Going back to the first of the present month, it may be remembered that in the hallway where the 2 o’clock fire of yesterday morning occurred, a lot of oily rags were discovered on fire by this same watchman, He lost no time in putting the fire out, and in the morning reported it to the management of the theater. The matter was reported to Fire Inspector Shay, who failed to discover the slightest signs of oil on the rags. In answering the Inspector’s questions, Le Peer suggested that the rags must might have caught spontaneously. If this were true the smell of the smoke which would have arisen from the rags for some time before the the fire broke out would have filled the building. So on the whole Inspector Shay was rather inclined to doubt the story. He had in his experience know of watchmen who, desirous of making a good record, had started fires in the premises they watched for the express purpose of putting them out. This might not have been the way with Le Peer, but at best he told a very loose and disconnected story. As to the fire if yesterday morning, Mr. Shay had not seen the watchman since it occurred, and was not prepared to talk concerning it. He had a theory as to the origin if the fire and believed it was the correct one. He would follow it out unless facts disclosed that he was wrong. What his theory was he would not say.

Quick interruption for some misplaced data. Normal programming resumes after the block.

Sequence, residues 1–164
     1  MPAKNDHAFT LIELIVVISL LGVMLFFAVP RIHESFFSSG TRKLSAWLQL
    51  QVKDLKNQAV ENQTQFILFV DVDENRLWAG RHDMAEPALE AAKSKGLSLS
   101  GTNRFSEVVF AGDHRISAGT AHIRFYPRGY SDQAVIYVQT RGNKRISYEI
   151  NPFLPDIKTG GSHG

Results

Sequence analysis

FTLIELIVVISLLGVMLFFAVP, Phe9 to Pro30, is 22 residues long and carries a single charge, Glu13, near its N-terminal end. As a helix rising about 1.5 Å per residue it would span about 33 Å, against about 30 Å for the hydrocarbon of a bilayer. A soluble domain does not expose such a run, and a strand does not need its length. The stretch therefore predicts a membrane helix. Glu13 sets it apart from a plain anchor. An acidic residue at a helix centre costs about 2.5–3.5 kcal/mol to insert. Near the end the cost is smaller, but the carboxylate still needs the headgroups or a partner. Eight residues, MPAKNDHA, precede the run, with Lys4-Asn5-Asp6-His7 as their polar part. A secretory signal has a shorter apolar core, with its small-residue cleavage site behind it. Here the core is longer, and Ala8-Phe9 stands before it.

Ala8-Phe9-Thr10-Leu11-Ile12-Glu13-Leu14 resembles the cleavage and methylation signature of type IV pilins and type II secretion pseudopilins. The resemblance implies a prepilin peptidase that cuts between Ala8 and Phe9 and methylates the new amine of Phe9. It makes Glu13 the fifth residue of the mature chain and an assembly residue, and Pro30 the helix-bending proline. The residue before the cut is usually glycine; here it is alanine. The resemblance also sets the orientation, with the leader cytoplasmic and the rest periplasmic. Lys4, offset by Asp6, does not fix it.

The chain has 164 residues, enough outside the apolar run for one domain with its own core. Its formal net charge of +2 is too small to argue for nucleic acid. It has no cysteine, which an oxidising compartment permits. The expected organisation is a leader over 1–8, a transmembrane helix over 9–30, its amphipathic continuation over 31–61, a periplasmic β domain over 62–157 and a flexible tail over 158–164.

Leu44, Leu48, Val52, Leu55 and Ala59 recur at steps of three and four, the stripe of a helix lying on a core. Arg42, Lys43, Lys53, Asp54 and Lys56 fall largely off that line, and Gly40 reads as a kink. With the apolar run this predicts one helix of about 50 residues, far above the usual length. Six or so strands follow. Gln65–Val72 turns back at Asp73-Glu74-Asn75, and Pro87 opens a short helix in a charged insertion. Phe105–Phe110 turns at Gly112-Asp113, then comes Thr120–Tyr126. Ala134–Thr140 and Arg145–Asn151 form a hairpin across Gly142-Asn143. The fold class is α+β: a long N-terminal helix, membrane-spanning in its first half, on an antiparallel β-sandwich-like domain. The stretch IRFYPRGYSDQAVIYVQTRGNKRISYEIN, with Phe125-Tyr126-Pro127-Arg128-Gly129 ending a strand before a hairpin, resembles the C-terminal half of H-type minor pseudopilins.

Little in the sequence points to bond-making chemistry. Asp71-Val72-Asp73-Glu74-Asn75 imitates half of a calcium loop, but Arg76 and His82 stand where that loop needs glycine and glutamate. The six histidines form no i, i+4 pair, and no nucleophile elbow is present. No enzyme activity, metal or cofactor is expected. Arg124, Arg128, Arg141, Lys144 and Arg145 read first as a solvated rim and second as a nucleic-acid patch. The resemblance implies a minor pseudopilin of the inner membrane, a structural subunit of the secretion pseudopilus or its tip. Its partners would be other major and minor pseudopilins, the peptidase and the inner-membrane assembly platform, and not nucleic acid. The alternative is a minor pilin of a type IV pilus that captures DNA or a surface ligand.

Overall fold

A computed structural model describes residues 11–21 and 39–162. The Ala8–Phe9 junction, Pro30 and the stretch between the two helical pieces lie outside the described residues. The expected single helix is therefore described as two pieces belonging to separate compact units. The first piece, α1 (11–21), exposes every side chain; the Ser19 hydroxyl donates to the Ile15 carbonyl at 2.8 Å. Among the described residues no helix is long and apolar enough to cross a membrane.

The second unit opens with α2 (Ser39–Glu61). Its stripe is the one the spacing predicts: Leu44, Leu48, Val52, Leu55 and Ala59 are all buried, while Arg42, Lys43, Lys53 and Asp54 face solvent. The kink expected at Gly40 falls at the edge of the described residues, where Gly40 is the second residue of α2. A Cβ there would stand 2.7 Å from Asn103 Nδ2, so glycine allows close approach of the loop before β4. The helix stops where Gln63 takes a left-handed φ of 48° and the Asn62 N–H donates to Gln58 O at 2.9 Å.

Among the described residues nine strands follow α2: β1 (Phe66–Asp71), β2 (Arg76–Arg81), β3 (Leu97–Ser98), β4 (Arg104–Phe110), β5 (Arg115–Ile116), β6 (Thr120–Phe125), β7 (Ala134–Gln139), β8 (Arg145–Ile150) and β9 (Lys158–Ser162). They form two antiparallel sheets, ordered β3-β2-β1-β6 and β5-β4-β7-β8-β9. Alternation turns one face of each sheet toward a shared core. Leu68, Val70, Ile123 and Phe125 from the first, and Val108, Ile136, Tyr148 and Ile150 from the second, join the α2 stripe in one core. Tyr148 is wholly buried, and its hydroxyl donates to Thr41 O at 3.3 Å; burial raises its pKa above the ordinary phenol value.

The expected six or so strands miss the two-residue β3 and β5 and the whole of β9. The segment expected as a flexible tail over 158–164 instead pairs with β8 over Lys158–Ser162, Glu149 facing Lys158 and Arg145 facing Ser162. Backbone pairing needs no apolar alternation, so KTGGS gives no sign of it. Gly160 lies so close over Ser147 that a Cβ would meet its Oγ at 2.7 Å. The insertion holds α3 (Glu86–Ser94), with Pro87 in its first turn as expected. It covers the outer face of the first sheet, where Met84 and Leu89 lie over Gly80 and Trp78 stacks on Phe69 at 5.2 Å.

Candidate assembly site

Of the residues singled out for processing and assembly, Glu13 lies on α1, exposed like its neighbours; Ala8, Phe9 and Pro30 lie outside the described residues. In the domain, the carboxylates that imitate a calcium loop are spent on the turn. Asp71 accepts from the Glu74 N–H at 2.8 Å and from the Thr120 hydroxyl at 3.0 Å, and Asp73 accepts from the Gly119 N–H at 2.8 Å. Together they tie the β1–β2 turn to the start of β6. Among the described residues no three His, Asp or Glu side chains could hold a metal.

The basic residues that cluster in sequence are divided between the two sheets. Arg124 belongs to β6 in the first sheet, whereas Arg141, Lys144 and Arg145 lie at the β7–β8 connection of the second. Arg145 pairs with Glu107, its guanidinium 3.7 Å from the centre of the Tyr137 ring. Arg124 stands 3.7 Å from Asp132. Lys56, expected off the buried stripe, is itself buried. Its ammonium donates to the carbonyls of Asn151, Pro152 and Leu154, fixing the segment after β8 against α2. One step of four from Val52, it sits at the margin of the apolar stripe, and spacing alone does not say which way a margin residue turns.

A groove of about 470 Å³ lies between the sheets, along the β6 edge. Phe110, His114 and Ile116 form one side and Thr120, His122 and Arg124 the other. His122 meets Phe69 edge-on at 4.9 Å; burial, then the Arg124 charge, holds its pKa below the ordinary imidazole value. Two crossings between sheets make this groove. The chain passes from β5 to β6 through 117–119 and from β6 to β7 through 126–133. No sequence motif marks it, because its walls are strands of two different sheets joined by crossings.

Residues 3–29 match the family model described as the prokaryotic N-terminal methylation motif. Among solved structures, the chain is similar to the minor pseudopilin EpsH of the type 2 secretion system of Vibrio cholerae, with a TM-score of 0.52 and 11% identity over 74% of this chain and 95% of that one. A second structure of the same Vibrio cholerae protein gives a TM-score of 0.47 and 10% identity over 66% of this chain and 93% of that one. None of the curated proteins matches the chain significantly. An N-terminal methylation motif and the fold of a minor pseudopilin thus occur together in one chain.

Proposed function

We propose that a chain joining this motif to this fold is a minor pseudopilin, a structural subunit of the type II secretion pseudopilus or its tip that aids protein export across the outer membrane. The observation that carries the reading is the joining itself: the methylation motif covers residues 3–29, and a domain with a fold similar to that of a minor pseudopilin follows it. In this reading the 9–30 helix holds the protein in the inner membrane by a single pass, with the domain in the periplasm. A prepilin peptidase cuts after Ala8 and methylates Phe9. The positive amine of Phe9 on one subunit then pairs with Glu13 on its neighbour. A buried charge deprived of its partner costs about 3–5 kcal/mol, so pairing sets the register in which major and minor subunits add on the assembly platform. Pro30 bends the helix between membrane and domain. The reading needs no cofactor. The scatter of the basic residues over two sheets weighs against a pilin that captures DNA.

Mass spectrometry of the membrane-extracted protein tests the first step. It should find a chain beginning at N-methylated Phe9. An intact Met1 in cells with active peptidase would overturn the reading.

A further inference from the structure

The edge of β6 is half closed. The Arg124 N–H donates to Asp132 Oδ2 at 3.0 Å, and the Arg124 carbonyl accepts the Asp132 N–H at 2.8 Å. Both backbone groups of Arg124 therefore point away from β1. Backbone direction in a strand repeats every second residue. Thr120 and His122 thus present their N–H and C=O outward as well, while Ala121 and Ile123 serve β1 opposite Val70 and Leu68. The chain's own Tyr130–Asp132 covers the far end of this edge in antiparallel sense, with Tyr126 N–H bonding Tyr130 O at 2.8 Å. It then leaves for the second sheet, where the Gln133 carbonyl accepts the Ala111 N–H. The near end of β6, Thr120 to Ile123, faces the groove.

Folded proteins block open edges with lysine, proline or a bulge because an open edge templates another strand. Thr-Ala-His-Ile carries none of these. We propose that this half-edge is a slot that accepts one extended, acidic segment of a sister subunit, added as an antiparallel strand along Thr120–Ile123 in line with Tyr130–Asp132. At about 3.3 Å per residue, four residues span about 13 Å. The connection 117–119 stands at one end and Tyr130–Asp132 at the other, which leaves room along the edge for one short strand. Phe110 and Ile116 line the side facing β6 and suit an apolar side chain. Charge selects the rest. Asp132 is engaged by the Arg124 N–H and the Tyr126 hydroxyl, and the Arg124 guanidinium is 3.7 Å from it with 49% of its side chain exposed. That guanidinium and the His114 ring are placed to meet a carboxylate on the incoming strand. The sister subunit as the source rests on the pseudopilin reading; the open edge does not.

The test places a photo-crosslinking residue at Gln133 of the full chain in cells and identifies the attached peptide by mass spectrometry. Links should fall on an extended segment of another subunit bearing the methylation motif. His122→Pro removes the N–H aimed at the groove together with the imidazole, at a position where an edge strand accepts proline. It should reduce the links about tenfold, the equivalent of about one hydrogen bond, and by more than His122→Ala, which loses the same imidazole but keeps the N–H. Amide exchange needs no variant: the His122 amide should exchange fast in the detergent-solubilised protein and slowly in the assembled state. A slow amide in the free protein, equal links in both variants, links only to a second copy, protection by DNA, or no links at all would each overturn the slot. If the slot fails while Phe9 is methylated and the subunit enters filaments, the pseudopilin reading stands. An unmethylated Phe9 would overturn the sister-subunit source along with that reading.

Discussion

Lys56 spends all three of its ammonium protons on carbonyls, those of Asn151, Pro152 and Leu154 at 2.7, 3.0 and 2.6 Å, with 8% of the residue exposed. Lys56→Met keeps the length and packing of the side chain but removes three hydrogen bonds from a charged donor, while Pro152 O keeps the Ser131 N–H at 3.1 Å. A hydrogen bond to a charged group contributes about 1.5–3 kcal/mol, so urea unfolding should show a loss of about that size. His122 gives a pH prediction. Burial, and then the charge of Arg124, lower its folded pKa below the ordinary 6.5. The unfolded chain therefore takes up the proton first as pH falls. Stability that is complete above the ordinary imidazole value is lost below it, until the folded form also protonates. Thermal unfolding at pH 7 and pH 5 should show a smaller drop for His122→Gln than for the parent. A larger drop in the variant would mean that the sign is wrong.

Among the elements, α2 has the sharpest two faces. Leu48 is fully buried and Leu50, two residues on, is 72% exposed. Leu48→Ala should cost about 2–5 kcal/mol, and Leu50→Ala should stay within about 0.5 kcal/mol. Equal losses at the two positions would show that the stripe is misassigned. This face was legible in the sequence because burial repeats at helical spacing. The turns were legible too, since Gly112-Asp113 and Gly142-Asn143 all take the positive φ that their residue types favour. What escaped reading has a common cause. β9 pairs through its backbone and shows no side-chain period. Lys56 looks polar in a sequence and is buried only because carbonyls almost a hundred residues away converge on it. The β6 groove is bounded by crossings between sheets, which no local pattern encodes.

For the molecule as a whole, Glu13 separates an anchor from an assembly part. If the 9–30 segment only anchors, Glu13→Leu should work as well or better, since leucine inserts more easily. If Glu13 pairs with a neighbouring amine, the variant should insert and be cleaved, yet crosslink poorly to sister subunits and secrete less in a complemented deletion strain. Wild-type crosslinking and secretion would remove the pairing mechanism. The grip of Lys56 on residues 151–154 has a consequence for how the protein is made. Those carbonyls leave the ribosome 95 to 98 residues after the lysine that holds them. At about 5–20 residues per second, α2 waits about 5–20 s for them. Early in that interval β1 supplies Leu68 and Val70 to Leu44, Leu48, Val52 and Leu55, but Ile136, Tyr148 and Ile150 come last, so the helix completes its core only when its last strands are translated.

It was reported last night that Watchman Le Peer, of McVicker’s Theater had been taken into custody, but it does not appear that such is the case, although the man was not at his home, No. 474 Fulton street, at 11 o’clock. Earlier in the evening he reported to Manager Sharpe at the Auditorium, and was told by him to go back home, as the city police would guard the burned-out theater.